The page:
The Presidential Election, the Liberal Arts and an Engaged Citizenry

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In the midst of a presidential campaign in which bigotry, lack of respect and an absence of critical thinking have become the hallmark of one candidate, we have a great deal to learn from liberal arts students in the State of Washington.

Each year the Washington Consortium for the Liberal Arts runs an essay contest asking students to reflect on the importance of the liberal arts. The students who authored this year's winning essays addressed a wide range of topics of critical importance to society, topics that have the potential to be incendiary. What is so impressive about their work is the fact that they were able to tie disparate pieces of their education into seamless packages while looking beyond their own narrow self-interest. What they did is to integrate the most important parts of a liberal education - the ability to communicate clearly, to think critically, to integrate data, and to reflect on the lives of others - and demonstrate what the nature of engaged citizenship means.

Whether they were writing about homelessness, immigration, refugees or Islam, these students tied their classwork to their personal experiences and reflected on how their perspectives grew. Lauren Moses, an International Studies major from the University of Washington Seattle, explained the impact her educational journey had on her personal development.

My professors and classes consistently exposed me to new structures of belief and understanding. I discovered a rich diversity that was previously foreign to me. I rapidly consumed literature about feminism, world religions, human rights activism, histories of discrimination, and more. My education explicitly encouraged and indeed necessitated open-mindedness, self-reflection, and curiosity. Consequently, my worldview became more nuanced and informed, less narrow and predetermined. Moreover, my education advocated experiencing different cultures, which led me to Dubai and Istanbul last year.

Upon returning to the States, Lauren initiated a project in which she interviewed female Muslim students about feminism. Her work provided her with depth and breadth, transforming and broadening her perspective: "These incredibly articulate students granted me insight into their experiences as Muslim women.... These interviews, inspired by my liberal arts education, challenged and redefined how I saw Islam - and, consequently, the world."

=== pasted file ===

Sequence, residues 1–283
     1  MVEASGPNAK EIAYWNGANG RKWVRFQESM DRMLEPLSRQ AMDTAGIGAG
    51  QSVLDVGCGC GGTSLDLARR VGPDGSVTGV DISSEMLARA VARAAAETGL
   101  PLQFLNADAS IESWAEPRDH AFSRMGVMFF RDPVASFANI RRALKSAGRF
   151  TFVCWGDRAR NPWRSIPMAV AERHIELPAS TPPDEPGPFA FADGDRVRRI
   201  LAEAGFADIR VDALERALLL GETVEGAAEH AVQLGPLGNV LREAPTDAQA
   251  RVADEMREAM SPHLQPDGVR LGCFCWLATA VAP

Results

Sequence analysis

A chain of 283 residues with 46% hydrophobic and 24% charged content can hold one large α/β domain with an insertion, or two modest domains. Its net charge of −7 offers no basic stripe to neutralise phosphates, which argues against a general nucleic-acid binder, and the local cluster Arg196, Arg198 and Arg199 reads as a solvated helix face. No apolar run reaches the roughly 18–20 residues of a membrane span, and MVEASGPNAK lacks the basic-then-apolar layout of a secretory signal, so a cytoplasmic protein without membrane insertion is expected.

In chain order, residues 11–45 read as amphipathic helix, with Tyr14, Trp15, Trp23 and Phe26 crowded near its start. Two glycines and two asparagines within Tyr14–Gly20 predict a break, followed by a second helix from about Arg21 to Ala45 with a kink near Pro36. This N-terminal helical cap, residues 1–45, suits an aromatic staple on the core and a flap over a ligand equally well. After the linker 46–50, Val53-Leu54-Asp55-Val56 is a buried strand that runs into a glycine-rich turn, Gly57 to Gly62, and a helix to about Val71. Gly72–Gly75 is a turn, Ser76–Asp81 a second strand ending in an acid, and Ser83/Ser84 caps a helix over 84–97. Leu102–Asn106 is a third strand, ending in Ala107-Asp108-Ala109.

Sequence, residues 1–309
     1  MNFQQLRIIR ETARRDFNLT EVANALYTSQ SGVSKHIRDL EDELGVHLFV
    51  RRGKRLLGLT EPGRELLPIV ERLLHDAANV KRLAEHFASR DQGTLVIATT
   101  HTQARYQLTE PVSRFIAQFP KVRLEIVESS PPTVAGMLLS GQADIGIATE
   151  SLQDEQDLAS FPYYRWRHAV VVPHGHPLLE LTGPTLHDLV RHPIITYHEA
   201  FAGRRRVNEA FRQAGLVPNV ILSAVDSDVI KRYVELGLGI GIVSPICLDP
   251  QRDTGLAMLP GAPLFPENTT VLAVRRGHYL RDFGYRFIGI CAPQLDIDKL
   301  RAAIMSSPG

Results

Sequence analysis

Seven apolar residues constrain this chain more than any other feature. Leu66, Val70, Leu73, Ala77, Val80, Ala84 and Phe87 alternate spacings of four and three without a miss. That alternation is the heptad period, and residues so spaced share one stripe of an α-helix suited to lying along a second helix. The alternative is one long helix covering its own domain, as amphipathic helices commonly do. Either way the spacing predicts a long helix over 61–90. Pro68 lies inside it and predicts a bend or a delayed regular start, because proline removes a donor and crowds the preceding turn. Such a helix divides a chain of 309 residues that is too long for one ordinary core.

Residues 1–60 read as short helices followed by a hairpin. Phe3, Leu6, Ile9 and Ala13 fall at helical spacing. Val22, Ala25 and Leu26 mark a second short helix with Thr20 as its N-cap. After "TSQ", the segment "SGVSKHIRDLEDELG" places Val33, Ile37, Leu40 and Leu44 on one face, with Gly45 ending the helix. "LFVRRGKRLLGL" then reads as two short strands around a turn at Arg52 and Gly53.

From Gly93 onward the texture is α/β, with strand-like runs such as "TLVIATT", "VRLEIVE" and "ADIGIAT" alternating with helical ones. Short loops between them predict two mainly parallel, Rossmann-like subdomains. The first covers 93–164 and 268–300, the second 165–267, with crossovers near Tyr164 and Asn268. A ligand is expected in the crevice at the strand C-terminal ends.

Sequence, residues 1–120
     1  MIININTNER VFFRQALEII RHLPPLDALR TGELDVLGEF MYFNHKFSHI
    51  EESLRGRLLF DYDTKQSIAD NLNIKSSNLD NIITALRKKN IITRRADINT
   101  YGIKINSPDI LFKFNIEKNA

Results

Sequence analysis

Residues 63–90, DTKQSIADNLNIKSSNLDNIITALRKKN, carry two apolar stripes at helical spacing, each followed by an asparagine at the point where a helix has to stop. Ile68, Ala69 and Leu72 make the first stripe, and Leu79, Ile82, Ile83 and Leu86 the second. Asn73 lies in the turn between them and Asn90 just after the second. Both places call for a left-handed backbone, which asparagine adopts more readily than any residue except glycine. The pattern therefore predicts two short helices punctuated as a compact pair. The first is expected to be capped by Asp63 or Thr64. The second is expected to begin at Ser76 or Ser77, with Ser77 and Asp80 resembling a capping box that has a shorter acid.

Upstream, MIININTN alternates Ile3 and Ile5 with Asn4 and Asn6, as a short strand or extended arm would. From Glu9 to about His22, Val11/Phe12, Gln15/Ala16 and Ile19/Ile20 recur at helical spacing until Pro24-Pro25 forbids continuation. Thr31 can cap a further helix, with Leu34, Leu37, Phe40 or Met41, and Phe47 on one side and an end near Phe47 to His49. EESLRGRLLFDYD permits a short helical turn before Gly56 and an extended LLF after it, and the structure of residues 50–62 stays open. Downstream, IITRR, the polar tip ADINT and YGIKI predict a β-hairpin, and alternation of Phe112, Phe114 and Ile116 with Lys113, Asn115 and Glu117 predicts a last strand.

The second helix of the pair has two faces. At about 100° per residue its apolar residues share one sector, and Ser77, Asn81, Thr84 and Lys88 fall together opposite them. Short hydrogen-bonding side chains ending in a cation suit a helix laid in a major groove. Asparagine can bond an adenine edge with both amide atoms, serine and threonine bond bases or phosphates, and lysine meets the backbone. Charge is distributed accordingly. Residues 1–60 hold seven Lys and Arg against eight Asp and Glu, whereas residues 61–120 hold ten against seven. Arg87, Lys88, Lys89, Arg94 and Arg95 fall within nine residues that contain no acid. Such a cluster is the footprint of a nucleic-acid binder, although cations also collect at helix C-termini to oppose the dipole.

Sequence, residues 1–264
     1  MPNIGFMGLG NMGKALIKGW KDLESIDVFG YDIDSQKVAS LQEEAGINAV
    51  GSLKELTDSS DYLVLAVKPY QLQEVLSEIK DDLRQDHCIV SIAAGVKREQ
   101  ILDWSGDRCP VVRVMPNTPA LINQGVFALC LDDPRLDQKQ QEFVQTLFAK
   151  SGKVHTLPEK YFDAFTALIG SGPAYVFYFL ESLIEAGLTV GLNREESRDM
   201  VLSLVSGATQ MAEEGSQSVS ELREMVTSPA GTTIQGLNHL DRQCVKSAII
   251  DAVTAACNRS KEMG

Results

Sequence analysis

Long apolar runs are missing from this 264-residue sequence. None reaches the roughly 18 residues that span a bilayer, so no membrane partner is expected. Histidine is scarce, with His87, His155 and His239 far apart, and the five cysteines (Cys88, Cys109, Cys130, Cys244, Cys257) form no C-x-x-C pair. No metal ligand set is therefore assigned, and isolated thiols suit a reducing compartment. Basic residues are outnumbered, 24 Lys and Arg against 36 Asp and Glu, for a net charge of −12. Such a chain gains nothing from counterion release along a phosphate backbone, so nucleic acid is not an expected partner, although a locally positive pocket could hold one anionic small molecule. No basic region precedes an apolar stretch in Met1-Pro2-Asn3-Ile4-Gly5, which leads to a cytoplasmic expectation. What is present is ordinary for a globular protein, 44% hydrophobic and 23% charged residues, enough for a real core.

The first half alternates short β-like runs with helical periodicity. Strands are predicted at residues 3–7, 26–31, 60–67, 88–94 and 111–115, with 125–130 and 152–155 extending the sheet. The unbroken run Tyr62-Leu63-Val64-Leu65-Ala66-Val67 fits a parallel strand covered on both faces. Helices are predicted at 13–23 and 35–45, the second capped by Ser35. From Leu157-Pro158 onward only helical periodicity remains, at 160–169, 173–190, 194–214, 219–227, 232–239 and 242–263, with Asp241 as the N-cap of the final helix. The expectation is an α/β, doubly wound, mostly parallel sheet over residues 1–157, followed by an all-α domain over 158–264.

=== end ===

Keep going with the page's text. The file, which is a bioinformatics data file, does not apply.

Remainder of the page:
Similarly, Emily Sawan, another UW Seattle student, discussed how she integrated coursework with a hands-on experience. In her case she was studying homelessness in an interdisciplinary honors course and participated in a service learning project at a local youth homeless shelter. She explained how theory and practice came together to yield insight:

This opportunity completely opened my eyes, and let me see a small glimpse into what it is like to be a youth living on the streets. This experience only drove the points we talked about in class further home, particularly that the people required to fix a problem need to be those directly involved in the problem.... I can only hope that we're not too late to find a solution to this problem. It will need to rely heavily on several disciplines coming together, as well as taking ideas directly from the source. Without the type of critical thinking I have learned to do with a liberal arts education, I wouldn't have seen the problem with how homelessness was previously being handled and addressed. Now though, I can cast a critical eye on how my city is trying to solve this problem.

Perhaps the most obvious trait that ties all of the winning essays together is the sense of empathy that they each display. Indeed, these students, like so many others all across the country, understand what it means to see, respect and celebrate difference, without trivializing it. They understand how we are stronger and healthier together.

Their experiences obtaining a liberal education have led them down this pathway. How very different, and how far more mature, their perspective is from candidates who, looking outward, only see "other" and often appear to be repelled by what they encounter.